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Endocrinology. 1997 Mar;138(3):1066-71.

Basal and growth hormone-induced hepatic messenger ribonucleic acid expression of insulin-like growth factor-I (IGF-I) and IGF-binding protein-3 is independent of hyperinsulinemia and increased energy status in the genetically obese Zucker rat.

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Servicio de Endocrinología, Instituto de Salud Carlos III, Hospital Ramón y Cajal, Madrid, Spain.


Genetically obese Zucker rats, like obese humans, have normal or elevated circulating insulin-like growth factor-I (IGF-I) levels in the presence of low GH secretion. Hyperinsulinemia, increased energy status, or other nutritional factors associated with obesity could be responsible for these findings directly by increasing hepatic IGF-I production at the transcriptional or posttranscriptional level. Alternatively, circulating IGF-I could be modulated indirectly by affecting its binding proteins. To further elucidate this point, we quantitated hepatic IGF-I, IGF-binding protein-3 (IGFBP-3), and GH receptor messenger RNAs (mRNAs) expression in obese Zucker rats under different serum GH and insulin conditions using lean rats as controls. Eleven-week-old male rats were studied basally (intact) or after hypophysectomy (hx) at 9 weeks. In each condition, animals were killed before or 6 h after one dose of recombinant human GH (1.5 micrograms/g body weight ip). At this time, in addition to the mRNA expression of the above-mentioned genes, body weight, glycemia, insulinemia, serum GH (rat and human), and serum IGF-I levels were determined. Obese Zucker rats were significantly heavier than controls in all the conditions studied and did not show differences in glycemia. Severely hyperinsulinemic intact obese rats (146.9 +/- 14 vs. 46.3 +/- 3 microU/ml, P < 0.001) showed compared with intact lean rats significantly lower serum GH (2.39 +/- 0.9 vs. 4.98 +/- 0.68 ng/ml, P < 0.01), decreased hepatic IGF-I mRNA and IGFBP-3 mRNA accumulation (IGF-Ia: 79 +/- 5.9% vs. 100 +/- 0.9%, P < 0.05; IGF-Ib: 67 +/- 5.5% vs. 100.1 +/- 1.9%, P < 0.001; IGFBP-3: 54.7 +/- 2.75% vs. 100.5 +/- 1.55%, P < 0.001), and similar circulating IGF-I levels (1439 +/- 182 vs. 1516 +/- 121 ng/ml). Under comparable serum GH levels in GH-treated intact, hx, and GH-treated hx animals, hyperinsulinemia and/or increased body weight present in obese rats were not associated with increased hepatic IGF-I and IGFBP-3 mRNA amount. No differences in GH receptor/GH-binding protein mRNAs were found in any experimental condition. These results suggest that in vivo the imbalance of the serum GH/IGF-I axis present in obesity is primarily due to events distal to the hepatic IGF-I and IGFBP-3 mRNAs expression, which is tightly correlated to GH levels.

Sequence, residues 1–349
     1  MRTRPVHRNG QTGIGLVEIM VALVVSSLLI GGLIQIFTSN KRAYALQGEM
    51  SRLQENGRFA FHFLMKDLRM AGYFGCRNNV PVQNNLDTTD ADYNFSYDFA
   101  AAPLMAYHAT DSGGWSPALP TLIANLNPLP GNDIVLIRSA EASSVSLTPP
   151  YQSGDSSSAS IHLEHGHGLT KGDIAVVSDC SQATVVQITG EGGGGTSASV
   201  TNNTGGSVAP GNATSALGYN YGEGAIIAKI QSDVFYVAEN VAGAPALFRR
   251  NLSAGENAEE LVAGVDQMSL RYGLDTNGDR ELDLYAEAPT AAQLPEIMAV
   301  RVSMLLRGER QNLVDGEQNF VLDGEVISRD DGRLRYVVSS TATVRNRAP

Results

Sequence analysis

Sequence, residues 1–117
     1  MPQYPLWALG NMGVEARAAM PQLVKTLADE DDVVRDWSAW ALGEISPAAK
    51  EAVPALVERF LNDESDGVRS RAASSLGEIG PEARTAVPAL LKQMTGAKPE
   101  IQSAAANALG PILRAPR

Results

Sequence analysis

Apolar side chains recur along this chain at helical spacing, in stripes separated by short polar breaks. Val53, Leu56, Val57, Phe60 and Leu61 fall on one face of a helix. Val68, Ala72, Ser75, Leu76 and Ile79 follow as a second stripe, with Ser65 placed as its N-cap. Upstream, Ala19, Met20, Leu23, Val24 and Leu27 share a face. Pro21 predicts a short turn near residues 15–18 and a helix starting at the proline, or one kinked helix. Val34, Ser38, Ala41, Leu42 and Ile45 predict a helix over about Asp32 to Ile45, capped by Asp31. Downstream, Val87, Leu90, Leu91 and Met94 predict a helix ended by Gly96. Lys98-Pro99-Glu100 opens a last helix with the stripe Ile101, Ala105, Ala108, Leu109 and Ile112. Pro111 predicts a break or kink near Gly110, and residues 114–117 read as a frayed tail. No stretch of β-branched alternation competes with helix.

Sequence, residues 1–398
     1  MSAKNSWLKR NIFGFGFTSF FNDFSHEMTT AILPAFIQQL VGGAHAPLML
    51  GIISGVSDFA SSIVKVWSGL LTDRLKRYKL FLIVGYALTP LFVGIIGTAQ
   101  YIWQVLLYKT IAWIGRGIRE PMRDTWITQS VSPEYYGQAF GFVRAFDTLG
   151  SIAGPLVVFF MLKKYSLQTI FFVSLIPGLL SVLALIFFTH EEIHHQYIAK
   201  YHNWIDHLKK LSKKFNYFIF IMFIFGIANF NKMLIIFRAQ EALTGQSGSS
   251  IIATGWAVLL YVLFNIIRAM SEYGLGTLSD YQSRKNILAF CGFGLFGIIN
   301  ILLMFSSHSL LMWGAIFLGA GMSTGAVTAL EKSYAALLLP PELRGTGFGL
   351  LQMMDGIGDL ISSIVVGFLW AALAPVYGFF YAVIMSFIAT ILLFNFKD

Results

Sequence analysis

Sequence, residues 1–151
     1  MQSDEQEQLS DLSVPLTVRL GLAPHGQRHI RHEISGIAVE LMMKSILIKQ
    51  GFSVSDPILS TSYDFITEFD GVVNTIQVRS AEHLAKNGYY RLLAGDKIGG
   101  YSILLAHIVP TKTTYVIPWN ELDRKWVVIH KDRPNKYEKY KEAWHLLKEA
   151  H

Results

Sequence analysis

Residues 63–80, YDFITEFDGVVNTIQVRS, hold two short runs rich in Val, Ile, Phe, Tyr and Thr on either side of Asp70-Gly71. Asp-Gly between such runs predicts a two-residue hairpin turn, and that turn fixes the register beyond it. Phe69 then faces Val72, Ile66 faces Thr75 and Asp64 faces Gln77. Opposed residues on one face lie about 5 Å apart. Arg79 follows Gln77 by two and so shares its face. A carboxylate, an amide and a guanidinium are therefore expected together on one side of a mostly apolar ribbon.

[Indexed for MEDLINE]

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